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A project log for Goliath - A Gas Powered Quadcopter

A BIG Gas Powered Quadcopter

Peter McCloud 11/21/2016 at 05:250 Comments

It's been a little over two months since Goliath hovered for the first time. Here are some of things that have gone on since then.

First was a trip to the Portland Maker Faire, September 11 and 12th at OMSI. It was a lot of fun showing off the vehicle, especially now that it hovers. Thanks to everyone who came out and checked out the project. I had a lot of great conversations that weekend.

After getting back to the shop and making sure everything was in working order, it was time to get back to work. The first order of business was to finalize some of the hardware. While Goliath hovered, the center of gravity didn't seem to be in the most ideal location. In order to remedy this, all of the hardware needs to be finalized with the flight weight components, particularly the remaining steel pulleys.

This was the same process as before, but since these are idlers and tensioners, no holes are needed for bolts. The last of of these components are complete, with each saving around a pound of weight. There is now only one one steel pulley left on the vehicle, the main engine pulley.

There was also a hiccup with the battery and solenoid. The battery died, likely because it was undersized and was being deeply discharged. A new bigger battery was added with 18Ah, 80% more capacity than the previous battery, but with only 4 more lbs. Some thought was given to switching from the lead AGM type to a Lithium based battery, which would save about 10 lbs. However, the AGM has been demonstrated to work with the high vibration environments.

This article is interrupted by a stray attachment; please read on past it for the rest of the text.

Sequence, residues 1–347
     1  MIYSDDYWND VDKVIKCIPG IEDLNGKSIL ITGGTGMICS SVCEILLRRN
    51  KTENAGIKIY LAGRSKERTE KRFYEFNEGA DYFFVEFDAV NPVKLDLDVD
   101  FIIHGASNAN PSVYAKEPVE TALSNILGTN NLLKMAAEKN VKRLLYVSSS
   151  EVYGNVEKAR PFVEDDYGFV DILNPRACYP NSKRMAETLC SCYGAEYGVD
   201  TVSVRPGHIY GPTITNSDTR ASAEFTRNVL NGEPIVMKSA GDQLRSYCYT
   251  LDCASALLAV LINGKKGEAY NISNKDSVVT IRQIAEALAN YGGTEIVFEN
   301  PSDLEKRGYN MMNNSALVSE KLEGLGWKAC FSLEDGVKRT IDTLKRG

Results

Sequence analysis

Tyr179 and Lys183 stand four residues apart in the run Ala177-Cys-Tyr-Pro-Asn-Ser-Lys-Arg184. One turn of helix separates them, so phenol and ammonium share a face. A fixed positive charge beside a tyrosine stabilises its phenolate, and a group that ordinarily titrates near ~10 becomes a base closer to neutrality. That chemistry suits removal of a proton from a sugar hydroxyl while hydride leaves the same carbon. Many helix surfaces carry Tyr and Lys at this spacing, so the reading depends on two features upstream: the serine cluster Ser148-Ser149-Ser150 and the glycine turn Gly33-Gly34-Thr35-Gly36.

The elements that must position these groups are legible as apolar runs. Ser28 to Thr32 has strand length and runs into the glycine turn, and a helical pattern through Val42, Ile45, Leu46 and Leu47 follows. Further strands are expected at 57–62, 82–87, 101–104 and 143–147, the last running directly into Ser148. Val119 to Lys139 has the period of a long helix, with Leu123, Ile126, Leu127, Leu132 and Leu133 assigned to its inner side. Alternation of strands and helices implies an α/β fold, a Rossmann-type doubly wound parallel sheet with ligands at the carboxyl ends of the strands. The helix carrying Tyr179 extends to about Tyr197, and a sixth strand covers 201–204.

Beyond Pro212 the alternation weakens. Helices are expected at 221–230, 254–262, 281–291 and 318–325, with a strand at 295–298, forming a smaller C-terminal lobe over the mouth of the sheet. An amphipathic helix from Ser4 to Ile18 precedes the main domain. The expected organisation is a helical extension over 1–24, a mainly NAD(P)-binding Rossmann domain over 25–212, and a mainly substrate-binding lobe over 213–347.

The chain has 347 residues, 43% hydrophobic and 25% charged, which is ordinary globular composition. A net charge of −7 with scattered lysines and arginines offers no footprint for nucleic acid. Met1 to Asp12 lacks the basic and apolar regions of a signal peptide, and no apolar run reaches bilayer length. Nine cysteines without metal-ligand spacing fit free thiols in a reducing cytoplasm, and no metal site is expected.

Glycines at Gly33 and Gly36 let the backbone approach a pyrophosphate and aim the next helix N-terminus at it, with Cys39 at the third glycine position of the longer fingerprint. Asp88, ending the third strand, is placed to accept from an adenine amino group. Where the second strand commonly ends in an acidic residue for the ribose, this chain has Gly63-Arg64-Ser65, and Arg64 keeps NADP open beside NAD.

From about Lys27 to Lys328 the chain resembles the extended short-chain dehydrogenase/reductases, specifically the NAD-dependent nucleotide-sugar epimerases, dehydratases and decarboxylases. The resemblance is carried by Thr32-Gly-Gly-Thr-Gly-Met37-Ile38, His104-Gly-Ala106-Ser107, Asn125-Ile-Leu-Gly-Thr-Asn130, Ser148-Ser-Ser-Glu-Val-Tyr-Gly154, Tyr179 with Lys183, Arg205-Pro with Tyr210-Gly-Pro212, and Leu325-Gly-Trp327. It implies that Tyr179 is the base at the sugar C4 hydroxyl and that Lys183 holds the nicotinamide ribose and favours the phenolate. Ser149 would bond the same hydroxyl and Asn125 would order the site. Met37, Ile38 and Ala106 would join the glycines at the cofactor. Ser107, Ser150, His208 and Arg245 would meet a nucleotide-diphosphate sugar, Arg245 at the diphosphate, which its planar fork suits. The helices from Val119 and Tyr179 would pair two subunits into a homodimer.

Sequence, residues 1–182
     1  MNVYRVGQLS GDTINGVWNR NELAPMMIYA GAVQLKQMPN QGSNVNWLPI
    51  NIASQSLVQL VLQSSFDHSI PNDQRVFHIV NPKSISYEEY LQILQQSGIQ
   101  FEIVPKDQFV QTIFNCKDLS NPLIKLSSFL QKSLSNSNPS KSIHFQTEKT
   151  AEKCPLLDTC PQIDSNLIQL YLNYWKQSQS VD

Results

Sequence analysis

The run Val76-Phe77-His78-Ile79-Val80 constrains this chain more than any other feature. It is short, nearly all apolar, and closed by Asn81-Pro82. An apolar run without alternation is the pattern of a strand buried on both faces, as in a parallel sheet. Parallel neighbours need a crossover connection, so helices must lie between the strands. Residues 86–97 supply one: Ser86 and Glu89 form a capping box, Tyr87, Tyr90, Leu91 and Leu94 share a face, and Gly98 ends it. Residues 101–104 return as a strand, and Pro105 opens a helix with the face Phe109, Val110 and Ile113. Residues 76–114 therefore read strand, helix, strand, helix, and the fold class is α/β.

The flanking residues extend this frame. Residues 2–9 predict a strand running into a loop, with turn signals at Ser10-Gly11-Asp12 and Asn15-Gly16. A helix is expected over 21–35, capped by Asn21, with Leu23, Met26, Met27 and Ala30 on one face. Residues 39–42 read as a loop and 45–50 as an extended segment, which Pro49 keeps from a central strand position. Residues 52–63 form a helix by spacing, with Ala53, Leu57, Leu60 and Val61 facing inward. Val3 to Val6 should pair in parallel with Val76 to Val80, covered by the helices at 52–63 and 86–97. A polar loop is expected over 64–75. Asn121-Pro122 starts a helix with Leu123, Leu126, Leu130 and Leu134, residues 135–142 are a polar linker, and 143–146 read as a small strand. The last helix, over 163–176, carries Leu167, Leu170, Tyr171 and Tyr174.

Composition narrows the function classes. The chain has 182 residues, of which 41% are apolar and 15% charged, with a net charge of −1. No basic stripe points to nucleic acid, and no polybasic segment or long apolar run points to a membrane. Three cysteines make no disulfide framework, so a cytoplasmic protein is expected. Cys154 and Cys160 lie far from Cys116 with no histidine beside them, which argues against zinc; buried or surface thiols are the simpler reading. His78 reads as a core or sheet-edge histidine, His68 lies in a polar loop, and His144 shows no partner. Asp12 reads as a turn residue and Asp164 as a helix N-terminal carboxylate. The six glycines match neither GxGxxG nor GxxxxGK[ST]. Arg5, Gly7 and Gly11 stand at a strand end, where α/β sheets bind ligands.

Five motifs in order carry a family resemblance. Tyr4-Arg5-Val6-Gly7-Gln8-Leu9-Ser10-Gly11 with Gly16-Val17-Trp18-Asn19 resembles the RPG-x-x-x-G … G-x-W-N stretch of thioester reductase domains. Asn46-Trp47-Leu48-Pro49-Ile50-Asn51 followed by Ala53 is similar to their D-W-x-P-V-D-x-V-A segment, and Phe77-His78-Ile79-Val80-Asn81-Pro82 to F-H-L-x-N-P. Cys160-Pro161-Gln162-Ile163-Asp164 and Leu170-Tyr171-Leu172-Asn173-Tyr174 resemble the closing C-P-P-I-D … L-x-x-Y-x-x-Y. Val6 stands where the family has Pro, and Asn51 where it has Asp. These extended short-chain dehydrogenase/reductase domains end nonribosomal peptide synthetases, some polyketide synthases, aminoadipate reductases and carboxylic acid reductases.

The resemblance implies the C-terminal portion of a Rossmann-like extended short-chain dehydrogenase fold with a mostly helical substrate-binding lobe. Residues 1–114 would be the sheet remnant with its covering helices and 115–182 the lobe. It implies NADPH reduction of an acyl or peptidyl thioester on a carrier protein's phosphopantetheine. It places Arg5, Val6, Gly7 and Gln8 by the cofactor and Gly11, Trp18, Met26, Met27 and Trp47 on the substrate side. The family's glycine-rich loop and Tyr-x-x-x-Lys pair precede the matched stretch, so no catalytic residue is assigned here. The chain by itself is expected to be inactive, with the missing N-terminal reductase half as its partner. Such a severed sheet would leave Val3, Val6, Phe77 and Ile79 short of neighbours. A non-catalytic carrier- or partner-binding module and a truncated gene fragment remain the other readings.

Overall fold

The solenoid failed again, the second on that's failed on Goliath. It's obvious that the stock lawnmower ones aren't built for the vibrations that Goliath creates. It was replaced with another stock solenoid as a temporary fix, but a heavy duty one needs to be sourced for the future.

Lastly, the temporary Avionics Tray was replaced with a permanent one. This time it was made from 16 gauge steel. It weighs a little more than a pound. The idea is that the added mass will help to dampen the vibrations. The tray is isolated from the frame. using rubber expansion nuts.

I'll have more details in a future log post, but the great news is that between the new engine mounts and the avionics tray have reduced the vibrations that the Pixhawk experiences low enough for it to work now.

Stay tuned for more details.

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